He acknowledges there are limits to how upfront any certification program will be about farm conditions, and it is perhaps a limitation of such programs that they are ostensibly there to raise the bar from the industry standard. This also points at an additional problem with the certification system: it encourages consumers to focus on improvements upon an extremely low baseline rather than what would be best for the animals.
Understanding welfare, not just labels
Think of that chicken again. It should have taken her around five months, rather than five weeks, to reach that size. Her legs couldn’t support her weight properly and she was likely in pain. She was prone to illness and could have suffered organ failure. She was bred to be that way for the sake of efficiency.
A lot of people might not realize how quickly most broilers grow and how much that can harm their welfare. Farm Forward’s report highlights the problem of poor genetics in broiler chickens and several other “neglected” animal welfare issues which consumers might not be aware are standard practice on most welfare-certified farms. “These [animal agriculture industries] are really technical industries that are mostly behind closed doors,” said deCoriolis, “and unless the public has a sense of what these industries look like and require, it’s impossible for them to ask for changes or make informed choices.”
Some practices will be more obviously “cruel” if only people knew about them, such as the ubiquitous practice in the U.S. egg industry of grinding male chicks alive just after hatching. But not even the better welfare certifications make an effort to inform consumers about this issue, the report notes.
It is not always immediately clear when or why any given practice is cruel. If consumers do not know what genuinely high welfare looks like for an animal, they will not always be able to judge how low the standards of a certification scheme really are. The consumer survey research suggests that expectations for the humane treatment of animals, while better than the reality on most farms, are fairly vague and about as high as GAP’s mid-level standards.
Take the period given to wean calves from their mothers, which varies between certification programs, for instance. GAP allows a minimum six-month weaning period, which is around what it would be naturally, and Certified Humane allows only five weeks. If a consumer is unaware of how long natural weaning takes and compares Certified Humane to industry standard, they may believe five weeks to be humane.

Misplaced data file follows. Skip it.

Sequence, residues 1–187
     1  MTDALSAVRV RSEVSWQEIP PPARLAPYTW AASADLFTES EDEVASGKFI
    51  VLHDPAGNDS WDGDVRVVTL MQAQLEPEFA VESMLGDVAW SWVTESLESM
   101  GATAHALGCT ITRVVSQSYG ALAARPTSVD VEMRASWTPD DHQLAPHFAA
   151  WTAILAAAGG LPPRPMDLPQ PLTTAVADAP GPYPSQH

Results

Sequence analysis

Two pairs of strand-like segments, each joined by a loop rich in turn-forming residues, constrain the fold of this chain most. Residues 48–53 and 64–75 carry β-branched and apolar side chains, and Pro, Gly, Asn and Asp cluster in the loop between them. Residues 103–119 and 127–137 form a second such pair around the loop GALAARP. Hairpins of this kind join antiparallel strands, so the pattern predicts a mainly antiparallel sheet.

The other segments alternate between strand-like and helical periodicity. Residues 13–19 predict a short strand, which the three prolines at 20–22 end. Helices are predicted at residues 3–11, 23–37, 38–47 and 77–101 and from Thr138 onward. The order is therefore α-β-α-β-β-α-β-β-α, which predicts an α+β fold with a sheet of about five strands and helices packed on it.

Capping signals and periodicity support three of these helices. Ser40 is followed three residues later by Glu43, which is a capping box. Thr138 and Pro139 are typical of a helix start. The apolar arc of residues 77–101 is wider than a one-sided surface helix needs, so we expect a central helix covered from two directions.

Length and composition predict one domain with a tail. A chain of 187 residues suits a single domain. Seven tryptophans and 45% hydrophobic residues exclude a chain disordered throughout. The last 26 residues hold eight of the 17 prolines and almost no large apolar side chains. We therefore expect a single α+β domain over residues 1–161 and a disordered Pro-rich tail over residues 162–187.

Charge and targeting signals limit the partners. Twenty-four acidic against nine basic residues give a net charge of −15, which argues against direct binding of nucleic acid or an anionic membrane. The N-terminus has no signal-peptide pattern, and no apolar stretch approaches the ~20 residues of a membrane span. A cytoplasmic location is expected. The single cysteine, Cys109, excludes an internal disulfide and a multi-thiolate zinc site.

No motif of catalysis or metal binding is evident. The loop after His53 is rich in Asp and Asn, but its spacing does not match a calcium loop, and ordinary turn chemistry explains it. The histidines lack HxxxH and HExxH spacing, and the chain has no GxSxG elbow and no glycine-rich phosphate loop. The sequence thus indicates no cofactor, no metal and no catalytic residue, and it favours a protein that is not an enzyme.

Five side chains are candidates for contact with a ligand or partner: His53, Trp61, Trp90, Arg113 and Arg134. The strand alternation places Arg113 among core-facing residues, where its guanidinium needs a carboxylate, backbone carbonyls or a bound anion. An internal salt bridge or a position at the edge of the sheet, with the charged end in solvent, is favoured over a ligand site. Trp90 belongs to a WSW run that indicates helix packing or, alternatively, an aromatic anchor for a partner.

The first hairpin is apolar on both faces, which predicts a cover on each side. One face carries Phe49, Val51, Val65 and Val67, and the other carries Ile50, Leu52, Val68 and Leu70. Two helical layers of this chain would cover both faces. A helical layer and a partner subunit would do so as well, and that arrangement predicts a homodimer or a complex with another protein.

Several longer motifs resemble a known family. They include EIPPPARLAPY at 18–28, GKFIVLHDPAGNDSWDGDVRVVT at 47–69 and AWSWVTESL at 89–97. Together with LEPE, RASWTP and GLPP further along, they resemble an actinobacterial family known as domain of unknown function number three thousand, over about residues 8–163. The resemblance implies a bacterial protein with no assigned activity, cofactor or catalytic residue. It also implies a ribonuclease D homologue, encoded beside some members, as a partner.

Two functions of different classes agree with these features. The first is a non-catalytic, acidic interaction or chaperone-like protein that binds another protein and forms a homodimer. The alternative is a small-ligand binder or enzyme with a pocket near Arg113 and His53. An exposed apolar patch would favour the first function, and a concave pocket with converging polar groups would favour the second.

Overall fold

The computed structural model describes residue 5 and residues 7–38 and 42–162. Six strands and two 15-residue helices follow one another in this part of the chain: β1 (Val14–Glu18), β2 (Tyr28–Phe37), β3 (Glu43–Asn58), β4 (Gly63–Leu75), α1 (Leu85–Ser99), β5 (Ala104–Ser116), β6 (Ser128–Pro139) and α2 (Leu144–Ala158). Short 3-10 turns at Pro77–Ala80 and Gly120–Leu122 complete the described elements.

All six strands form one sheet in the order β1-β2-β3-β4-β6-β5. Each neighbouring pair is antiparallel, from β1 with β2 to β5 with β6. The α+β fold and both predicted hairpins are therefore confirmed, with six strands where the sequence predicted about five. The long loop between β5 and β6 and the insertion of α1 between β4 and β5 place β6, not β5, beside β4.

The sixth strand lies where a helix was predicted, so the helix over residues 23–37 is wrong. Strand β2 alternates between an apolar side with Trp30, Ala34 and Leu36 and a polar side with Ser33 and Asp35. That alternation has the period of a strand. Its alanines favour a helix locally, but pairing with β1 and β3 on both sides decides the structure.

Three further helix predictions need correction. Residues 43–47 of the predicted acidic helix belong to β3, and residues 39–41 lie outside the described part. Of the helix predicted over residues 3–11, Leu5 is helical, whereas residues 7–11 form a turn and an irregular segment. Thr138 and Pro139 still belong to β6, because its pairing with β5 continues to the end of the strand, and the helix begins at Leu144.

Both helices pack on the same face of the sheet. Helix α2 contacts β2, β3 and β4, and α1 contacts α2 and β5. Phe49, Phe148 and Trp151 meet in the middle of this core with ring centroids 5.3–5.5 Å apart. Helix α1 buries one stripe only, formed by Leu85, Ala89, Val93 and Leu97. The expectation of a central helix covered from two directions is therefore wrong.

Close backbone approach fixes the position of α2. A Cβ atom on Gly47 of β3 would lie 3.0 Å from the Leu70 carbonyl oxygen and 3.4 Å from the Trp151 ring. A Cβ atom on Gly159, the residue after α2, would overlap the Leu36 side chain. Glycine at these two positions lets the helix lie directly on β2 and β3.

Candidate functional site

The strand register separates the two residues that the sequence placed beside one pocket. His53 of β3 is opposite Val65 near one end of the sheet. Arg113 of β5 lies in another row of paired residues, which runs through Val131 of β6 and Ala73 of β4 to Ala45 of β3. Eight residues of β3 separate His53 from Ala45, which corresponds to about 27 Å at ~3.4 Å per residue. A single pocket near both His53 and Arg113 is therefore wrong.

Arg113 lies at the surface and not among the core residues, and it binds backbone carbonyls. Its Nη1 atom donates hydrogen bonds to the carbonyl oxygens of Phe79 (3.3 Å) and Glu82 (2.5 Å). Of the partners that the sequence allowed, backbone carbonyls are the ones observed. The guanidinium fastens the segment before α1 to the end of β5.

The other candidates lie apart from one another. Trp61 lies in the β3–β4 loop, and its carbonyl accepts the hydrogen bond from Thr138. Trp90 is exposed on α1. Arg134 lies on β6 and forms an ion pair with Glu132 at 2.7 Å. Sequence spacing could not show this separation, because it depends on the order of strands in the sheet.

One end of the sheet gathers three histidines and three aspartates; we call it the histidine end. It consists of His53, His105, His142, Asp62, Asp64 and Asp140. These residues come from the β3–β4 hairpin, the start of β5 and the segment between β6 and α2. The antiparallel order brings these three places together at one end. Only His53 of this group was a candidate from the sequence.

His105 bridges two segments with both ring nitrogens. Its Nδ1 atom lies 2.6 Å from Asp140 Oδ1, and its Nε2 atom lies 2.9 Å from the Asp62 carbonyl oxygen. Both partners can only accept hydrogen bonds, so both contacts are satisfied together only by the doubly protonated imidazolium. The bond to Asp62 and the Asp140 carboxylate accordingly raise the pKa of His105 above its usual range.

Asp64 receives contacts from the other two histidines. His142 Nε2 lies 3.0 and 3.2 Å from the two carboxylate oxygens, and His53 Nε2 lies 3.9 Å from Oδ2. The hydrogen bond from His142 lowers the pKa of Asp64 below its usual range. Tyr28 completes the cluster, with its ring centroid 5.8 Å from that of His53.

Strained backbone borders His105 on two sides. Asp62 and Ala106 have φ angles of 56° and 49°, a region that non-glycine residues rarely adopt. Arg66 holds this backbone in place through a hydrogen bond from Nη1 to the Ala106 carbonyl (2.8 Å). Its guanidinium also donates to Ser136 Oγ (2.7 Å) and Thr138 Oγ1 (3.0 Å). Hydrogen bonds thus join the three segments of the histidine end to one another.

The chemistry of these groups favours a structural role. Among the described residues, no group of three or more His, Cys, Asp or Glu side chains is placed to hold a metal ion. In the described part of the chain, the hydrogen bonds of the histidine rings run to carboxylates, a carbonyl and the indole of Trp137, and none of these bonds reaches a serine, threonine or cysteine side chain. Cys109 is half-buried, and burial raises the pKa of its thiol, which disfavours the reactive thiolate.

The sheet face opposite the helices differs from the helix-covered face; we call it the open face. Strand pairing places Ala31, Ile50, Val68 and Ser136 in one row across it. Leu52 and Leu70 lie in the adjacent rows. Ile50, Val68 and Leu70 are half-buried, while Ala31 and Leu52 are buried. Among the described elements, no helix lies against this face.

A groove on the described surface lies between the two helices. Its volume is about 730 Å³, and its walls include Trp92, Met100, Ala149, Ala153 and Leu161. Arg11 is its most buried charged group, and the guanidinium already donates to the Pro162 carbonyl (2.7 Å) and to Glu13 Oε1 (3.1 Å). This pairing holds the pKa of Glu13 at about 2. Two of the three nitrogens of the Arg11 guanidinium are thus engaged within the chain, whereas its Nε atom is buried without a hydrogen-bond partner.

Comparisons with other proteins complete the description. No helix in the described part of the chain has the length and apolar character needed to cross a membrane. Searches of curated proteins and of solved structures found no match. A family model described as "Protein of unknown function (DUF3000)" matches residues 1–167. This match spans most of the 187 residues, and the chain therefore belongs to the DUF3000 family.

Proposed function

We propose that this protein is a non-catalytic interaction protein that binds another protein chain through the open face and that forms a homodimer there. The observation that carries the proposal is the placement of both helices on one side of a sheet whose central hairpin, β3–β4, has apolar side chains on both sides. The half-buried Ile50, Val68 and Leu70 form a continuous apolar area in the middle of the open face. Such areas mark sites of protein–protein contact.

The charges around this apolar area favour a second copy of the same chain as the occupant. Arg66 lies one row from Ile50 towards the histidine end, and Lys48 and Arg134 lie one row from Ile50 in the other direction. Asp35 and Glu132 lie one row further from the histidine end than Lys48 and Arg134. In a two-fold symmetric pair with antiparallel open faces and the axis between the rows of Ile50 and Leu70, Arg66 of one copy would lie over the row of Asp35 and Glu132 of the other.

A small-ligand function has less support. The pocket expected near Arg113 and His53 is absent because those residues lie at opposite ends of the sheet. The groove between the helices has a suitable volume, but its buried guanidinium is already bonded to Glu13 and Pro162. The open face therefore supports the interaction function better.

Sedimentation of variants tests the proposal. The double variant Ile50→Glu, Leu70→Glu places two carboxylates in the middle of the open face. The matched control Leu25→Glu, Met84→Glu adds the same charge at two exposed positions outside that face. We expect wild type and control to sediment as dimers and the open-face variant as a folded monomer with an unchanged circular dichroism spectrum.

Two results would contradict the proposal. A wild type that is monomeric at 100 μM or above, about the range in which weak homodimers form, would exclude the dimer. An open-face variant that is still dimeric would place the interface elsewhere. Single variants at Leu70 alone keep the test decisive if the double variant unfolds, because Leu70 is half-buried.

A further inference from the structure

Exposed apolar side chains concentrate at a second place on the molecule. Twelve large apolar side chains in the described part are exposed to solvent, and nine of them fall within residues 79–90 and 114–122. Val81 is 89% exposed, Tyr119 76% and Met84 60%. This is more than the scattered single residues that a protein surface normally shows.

Similarly, the rates of growth of different breeds of broiler chickens can seem better or worse when compared to others used in the industry, but none might seem humane when compared to wild chickens which were not bred to meet industrial production targets. As the report notes, even AWA “still allows hybrid strains of birds” that reach slaughter weight around “40 days faster than the fastest strains of heritage chickens.”
Animal protection groups including HSI and Farm Forward do work on educating people about good welfare and encourage shifts to plant-based diets, and it can be difficult to balance this work with pushing for improvements within an industry that is by and large reluctant to change.
“When you’re working with a standard there is always the tension between setting the highest standard, which is what we really want, and the number of animals you can affect,” says Shield. “So when you set the bar very high, it’s hard to get the kind of scaleable change that we want across the world. We’re always pushing for the highest standards we can achieve that we know farmers can get to.”
But the risk remains that certifications help to mislead consumers, if not about what conditions most farm animals are raised in, then about what good welfare actually looks like.
Claire writes on animals, environment, and climate. She lives in Oxford, UK, where she moonlights delivering organic veg boxes on a cargo bike.